It’s an exciting time of year – the sun is shining, the days are noticeably longer and who can get enough of the sun? From the time spent out on the boat to gardening all afternoon; sunscreen should be everyone’s number one priority. And while being outside has its perks, a scorching sunburn or worse yet skin damage, can be a total reality check. Now that you know to wear sunscreen, how do you know which is best for ultimate ultraviolet (UV) protection? Take a look at the breakdown: mineral vs. chemical sunscreens and decide for yourself which suits you and your lifestyle.
Using chemical filters, this type of sunscreen absorbs the sun’s rays.
Some of the chemical filters often found in this type of sunscreen include: Octylcrylene, Avobenzone, Octinoxate, Octisalate, Oxybenzone, Homosalate, Helioplex, 4-MBC, Mexoryl SX and XL, Tinosorb S and M, Uvinul T 150, Uvinul A Plus
Protection is not immediate – you typically have to wait 20-30 minutes after application for full coverage.
Often causes allergic reactions in many people and can be irritating to the skin and eyes.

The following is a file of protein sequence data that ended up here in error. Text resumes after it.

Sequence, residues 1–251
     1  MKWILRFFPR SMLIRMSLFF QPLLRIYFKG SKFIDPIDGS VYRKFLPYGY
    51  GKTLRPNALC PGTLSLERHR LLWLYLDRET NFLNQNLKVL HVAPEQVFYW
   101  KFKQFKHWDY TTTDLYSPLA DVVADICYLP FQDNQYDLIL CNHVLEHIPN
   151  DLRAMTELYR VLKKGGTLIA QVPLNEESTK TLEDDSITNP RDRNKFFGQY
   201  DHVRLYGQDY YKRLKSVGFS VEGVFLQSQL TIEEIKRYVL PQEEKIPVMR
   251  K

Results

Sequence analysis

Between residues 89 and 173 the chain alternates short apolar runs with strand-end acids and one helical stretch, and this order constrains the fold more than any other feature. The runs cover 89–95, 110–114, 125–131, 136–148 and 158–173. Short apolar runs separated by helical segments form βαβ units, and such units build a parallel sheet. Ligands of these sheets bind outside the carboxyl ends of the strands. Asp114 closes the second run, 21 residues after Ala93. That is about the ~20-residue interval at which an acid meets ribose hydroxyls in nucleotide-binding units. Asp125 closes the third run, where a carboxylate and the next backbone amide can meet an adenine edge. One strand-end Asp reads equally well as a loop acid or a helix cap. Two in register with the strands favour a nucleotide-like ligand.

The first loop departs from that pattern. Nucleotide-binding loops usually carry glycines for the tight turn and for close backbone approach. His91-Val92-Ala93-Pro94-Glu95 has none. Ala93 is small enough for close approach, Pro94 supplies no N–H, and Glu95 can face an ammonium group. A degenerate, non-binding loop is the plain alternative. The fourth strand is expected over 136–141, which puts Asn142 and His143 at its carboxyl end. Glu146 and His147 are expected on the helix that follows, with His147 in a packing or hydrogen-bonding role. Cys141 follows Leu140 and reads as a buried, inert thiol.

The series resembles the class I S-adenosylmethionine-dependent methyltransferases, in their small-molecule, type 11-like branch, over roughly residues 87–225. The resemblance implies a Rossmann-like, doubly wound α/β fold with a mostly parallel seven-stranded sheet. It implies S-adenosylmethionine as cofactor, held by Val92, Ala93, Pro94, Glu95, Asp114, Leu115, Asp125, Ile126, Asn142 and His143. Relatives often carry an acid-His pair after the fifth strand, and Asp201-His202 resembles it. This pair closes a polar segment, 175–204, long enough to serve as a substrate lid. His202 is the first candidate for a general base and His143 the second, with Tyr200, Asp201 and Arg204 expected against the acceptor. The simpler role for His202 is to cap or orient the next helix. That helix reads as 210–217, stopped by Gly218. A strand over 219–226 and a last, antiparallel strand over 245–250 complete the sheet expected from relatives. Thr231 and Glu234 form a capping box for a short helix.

Depending upon the chemicals in use, this type of sunscreen may offer more protection against both UVB and UVA rays. Look for “Full Spectrum” coverage on the label.
Can be colorless and even odorless – or have added fragrance.
This is a pretty safe option as far as protection goes, but keep in mind that your body is absorbing these chemicals. Many of which have not been approved by the FDA.
This type of sunscreen works in a different way – it actually physically blocks the sun’s rays.
No need to wait 30 minutes with this stuff – it works immediately.
Sometimes this is referred to as sunblock or physical sunscreen.
Typically the ingredients include Zinc oxide (ZnO) and/or Titanium dioxide (TiO2)
Some people experience skin irritation or breakouts from Titanium Dioxide, but most have no issues with Zinc oxide.
You can count on Zinc oxide for protection against the full spectrum of UV rays, while Titanium dioxide only provides protection against UVB.
Mineral sunscreens are FDA approved, but are pretty thick and can leave white streaks. This type of sunscreen has to be reapplied more frequently than chemical-based sunscreens.
So – now that you know the details, which sunscreen will work best for your lifestyle?